After a half hour of this jolly interchange, I discovered that his question concerned Fitz-James O'Brien's short story "What Was It?"  It turns out that my future self had a lot of holes in his memory, what with his bouts with Covid-25, Ebola, and general malnutrition due to the collapse of the food supply.  He remembered liking the story but, for the life of him, he could not remember the plot.  So he came to me because, he said, "You -- me, my younger me -- was known as a repository of totally useless facts about various books and stories no one had ever heard of."

Then I was able to explain to him that the story, which some consider O'Brien's best, was about an invisible being which dropped on the narrator while he was sleeping and placed its hands upon his throat.  (It should be noted that this first happened after the narrator partook of opium.)  The thing is naked, strong, and had long sharp teeth.  The narrator manage to overcome his attacker and bound him with his sheets.  On turning the light, he discovers that his attacker is completely invisible.  The thing, human in form, has been definitely weakened and can barely move.  The invisible being, still tied to the bed, becomes a creature of interest.  A plaster cast reveals that the being has a human-like form, "distorted, uncouth, and horrible, but still a man."  For two weeks the thing got weaker and weaker, refusing any food.  Finally, it dies and is buried in the garden.  We never know what it was, or where it came from, or what its motivation was.

"That's it!  That's it!  Thank you, me!  Now, where can I find a copy of the story?"

"Well, its in an old collection of stories by Fitz-James O'Brien.  The title is The Diamond Lens and Other Stories."

"It sound interesting," I told me.  "Are the other stories as good?"

"I think it's a pretty neat collection.  The title story is almost as well known as "What Was It?"  It's about a man's discovery of a microscopic world within a drop of water.  He falls in love with the beautiful Animula, a woman of this tiny world, but can never meet her.  Another story, "The Wondersmith." is about a mad toymaker who creates demonic simulacrons to kill those he perceives to be his enemies.  "The Golden Ingot" is a tale of love and good intentions gone wrong.  "The Pot of Tulips" is an earlier adventure of a character in "What Was It?"  It mixes science fiction, fantasy and horror in a tale of lost treasure and a message from beyond the grave.  There's another eight stories in the book, all interesting but perhaps not as powerful.  Perhaps the best of these others is "The Dragon Fang," a Dunsanian dark fantasy set in China."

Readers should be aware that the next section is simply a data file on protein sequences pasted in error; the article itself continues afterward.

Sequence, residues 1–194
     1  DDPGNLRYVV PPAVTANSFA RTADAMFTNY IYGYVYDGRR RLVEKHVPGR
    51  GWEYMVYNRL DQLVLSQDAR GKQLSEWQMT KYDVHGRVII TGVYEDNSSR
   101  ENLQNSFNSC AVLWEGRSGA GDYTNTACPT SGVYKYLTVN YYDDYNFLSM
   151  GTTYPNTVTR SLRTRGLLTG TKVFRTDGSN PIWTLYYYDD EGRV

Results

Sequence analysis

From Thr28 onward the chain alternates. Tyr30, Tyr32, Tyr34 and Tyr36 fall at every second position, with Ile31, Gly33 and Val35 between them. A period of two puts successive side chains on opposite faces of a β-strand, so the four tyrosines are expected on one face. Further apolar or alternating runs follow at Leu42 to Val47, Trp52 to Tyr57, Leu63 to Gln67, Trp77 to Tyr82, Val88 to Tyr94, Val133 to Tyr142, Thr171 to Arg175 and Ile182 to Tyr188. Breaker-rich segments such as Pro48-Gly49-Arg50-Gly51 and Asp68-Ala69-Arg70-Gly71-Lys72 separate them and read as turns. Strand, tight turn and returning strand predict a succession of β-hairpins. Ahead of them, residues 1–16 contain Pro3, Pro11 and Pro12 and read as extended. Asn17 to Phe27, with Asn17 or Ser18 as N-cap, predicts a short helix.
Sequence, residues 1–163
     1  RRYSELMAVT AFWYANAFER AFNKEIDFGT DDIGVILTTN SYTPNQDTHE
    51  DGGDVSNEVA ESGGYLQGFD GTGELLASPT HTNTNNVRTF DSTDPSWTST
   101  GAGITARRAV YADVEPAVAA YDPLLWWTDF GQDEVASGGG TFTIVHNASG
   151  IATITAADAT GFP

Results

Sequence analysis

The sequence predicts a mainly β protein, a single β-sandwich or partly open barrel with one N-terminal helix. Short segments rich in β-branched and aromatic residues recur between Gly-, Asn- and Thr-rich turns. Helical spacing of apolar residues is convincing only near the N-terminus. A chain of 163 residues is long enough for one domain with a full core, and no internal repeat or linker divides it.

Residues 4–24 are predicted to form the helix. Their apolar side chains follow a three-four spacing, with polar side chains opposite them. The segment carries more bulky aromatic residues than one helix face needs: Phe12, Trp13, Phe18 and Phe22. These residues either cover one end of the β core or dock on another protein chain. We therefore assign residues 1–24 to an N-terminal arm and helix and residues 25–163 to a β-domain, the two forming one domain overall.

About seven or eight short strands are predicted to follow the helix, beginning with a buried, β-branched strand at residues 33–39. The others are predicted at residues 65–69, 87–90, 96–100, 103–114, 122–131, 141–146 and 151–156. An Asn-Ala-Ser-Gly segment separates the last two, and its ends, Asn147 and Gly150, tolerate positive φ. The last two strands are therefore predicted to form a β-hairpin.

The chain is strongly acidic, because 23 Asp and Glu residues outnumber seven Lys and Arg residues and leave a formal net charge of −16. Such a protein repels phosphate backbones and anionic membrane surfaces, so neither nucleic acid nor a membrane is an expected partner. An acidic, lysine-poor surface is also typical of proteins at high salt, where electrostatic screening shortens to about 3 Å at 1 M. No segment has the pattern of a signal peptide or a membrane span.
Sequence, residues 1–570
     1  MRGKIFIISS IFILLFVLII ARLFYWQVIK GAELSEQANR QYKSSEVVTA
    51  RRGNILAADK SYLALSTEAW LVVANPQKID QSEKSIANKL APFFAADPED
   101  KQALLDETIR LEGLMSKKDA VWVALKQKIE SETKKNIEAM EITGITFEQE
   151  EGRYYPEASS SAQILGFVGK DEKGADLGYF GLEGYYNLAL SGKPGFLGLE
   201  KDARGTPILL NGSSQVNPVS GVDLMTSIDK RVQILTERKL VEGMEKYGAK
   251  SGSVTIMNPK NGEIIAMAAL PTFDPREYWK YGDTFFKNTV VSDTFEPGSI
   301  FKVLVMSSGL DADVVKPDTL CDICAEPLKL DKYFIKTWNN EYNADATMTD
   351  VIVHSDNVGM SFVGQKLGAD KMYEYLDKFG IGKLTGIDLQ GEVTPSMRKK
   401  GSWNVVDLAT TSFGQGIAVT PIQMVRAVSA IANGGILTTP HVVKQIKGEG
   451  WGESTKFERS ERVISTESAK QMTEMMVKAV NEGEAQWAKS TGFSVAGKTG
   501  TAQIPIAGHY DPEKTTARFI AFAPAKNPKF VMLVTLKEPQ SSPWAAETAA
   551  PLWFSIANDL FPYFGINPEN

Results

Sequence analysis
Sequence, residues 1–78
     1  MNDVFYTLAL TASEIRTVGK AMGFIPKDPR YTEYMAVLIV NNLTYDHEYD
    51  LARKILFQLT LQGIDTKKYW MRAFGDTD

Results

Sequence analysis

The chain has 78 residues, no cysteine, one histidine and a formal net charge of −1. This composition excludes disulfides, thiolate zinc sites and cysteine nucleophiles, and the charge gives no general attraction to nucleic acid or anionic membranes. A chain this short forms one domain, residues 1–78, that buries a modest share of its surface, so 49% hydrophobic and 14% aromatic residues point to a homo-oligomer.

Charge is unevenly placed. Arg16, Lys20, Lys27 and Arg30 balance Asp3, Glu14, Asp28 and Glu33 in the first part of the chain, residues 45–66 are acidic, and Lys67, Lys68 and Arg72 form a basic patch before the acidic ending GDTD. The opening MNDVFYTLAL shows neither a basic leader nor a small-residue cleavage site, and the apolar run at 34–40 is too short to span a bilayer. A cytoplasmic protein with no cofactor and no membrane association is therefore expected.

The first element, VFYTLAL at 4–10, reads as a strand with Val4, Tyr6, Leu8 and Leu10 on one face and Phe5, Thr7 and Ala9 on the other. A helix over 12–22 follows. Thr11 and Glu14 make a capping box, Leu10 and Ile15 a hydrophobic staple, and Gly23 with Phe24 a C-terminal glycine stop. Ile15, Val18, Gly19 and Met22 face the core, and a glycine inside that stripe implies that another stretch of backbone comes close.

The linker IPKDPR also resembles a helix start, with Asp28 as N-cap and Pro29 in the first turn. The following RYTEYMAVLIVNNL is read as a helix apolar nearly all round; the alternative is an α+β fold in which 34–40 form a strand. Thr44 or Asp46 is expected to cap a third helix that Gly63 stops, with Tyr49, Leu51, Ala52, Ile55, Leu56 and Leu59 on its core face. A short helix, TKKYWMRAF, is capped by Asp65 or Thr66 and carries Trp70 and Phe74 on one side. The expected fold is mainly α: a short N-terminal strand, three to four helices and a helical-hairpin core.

With that, my visitor left, vowing to find a copy of the book.  I then went to bed and in the morning, feeling a bit like Ebenezer Scrooge, decided the night visit was merely a dream, perhaps a bit of undigested beef.

I don't know what brought Fitz-James O'Brien to mind.  He was born in Ireland and educated at the University of Dublin.  Within four years after graduation he had gone through his entire inheritance of 8.000 pounds.  Changing his name to Fitz-James (he was born Michael O'Brien in 1826) and emigrated to America, where he began selling articles, stories and poems.  In 1861, he joined the New York National Guard and was wounded in battle the following year.  Technically, the wound didn't get him, but the tetanus did.  He died four months later in Cumberland, Maryland.


  1. He really was on par with Poe and Hawthorne for midcentury (That One) fantastica. Pity he and Poe (and, later, Bierce and Saki) came to such sudden ends, and all but Bierce to early ones. Of course, no lack of that among 19th Century and later giants in the fantastic fiction fields.

  2. Your future dream self having a few stock tips might've helped clinch the deal. But, then, see Wilma Shore's most famous sf story...

    1. Please note that her full name is Wilma HOUSE Shore -- no relation.